From their appartment, Zenab Abd El-Hamid and Ezzedin Hamouda look out on Rock Creek Park. This view inspired Zenab's [Mrs. Hamouda] first reductive work of art in Washington.
The couple is baffled by the confusion of values in the United States. They admire the simple harmony in Mark Rothko's work and the complexity of Max Ernst's canavasses. But they wonder about art dealers, the flagrant commercialism, and the great number of overrated "fashionable" painters who have not introduced anything original.
"You have to respect and to know human values." says Zenab. Both of them have grown up with concept that the "mysterious and divine world of art enriches the soul" and that the basic idea of art is not subject to change.
For them art is a continous process of balancing, of adding and substracting. They are of course fascinated spontaneity of American art. In their paintings nothing is left to chance or the inadvertent slip of the brush once the concept for the work has been created to their minds. In this sense, even their more realistic paintings are conceptual works of art. Both of them refuse to merely imitate reality.
Zenab offers a curiously distorted bird's eye perception of townscapes that are so sophisticated and complex in composition and tonal values that they become surreal and utterly enchanting.
How Hamouda's abstractions, despite their discipline, acquire the savage rhythms that conjure images of Pollock's works, remains his secret. His oils have the high gloss of enamels. Yet, notwithstanding their
intensity, his colors can be transluccent like stained glass windows. There is a vitality in his reductive work that takes on a static quality of timelessness.
It is this element of timelessness that stands out in his portraits. While Hamouda catches the likeness, it becomes part of his own vision. The model, so to speak, becomes a "pretext" to create a work of figurative art. The physiognomy, although respected, serves the artist's imagination as a point of departure. You have to look closely to discover the subtlety of these tranquil compositions, their fine balance of the quantity of colors, of horizontal and vertical relationships. The position of an arm may be the base of a pyramid and the swirling grain in a piece of wood is deftly juxtaposed with the subject's brown curls.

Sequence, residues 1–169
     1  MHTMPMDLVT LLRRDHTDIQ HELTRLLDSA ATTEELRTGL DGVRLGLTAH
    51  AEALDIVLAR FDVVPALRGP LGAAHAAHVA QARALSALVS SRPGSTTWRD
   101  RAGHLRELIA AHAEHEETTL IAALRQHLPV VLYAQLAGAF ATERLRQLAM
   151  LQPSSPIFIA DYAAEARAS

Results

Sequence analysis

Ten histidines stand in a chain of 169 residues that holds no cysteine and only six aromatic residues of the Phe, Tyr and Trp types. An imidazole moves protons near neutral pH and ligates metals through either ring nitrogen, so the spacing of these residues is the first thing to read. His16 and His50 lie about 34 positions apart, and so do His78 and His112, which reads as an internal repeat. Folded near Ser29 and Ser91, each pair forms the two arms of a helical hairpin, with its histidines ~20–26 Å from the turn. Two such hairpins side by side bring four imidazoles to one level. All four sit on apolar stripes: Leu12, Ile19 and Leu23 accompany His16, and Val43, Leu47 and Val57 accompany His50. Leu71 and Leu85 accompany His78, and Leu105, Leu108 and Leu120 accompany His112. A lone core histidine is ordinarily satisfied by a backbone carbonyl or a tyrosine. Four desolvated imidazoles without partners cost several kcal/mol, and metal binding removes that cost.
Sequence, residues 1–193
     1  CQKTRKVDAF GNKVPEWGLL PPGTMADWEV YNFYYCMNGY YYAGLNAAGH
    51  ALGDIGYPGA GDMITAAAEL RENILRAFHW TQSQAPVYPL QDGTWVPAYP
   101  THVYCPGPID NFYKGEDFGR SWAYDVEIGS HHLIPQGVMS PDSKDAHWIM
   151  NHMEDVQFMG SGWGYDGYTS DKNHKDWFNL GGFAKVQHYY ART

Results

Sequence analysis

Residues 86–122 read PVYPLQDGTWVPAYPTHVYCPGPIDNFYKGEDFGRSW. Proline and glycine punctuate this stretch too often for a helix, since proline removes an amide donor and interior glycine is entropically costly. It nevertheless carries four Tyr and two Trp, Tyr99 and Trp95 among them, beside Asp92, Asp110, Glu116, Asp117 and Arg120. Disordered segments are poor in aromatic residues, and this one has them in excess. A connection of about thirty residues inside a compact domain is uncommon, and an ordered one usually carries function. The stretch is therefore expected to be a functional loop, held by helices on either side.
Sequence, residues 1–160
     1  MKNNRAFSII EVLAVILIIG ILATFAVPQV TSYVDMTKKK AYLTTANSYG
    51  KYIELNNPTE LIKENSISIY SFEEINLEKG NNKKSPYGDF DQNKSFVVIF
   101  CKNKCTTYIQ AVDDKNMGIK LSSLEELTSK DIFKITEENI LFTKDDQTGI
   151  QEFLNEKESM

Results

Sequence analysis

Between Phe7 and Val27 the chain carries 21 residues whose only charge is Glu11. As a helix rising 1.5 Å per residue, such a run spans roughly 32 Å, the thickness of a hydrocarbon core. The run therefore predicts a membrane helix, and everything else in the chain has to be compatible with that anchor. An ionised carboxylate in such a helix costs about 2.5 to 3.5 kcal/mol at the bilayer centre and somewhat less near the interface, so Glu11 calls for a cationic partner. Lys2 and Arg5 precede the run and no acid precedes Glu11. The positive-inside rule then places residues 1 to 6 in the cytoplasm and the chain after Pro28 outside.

Unlike Europe's old masters, Hamouda does not rely on chairoscuro, the painting of shadows, for volume and third dimension. The skin itself becomes the source of light. As a result of his first view of the gilded wooder panels in the Valley of the Kings, he sometimes uses gold leaf for his background.
The artist does not expect the person posing for him to buy the painting. It is his way of safeguarding his artistic freedom , "Otherwise portrait painting is not creative and becomes work." he comments. He insists on only using models who inspire an idea of offer an artistic challenge.
"The challenge in painting Mrs. Ghorbal was to paint her in her colorful Pussi dress that literally crowder the picture and still make her personality transcend the strong colors. "
Hamouda, who has not painted a portrait in ten years, confesses that his interest in this art form was renewed in America. The self confidence of young beatiful and rich Americans like Hugh and Judith Marshall of Houston absolutely fascinates him.
The golden-haired Judith strikes him as willful. The artist envisions in a golden dress against a golden background standing next to a cage setting the birds free.
Unless a person inspires Hamouda with a fresh vision, he does not paint. Since he never paints more than two or three portraits during one year, his inspiration comes high -- from $15,000 to $25,000! On the other hand, the chances that such a portrait will go on display in a private or public collection somewhere are excellent. Outside of Egypt, Madrid and Mexico, the artist's work -- like that of his wife -- has been shown at the Biennale of Venice and Sao Paule, the Ernst Museum in Budapest, the Academy of Fine Arts in Vienna and the Petit Palais in Paris. The couple has won numerous prizes and awards.
Despite his many honors, among them the title "Commander" from the Spanish Government, nothing pleases the artist more than the most recent one. The mayor of New Orleans made him an honorary citizen!
It would seem that the Hamoudas may decide to stay a while.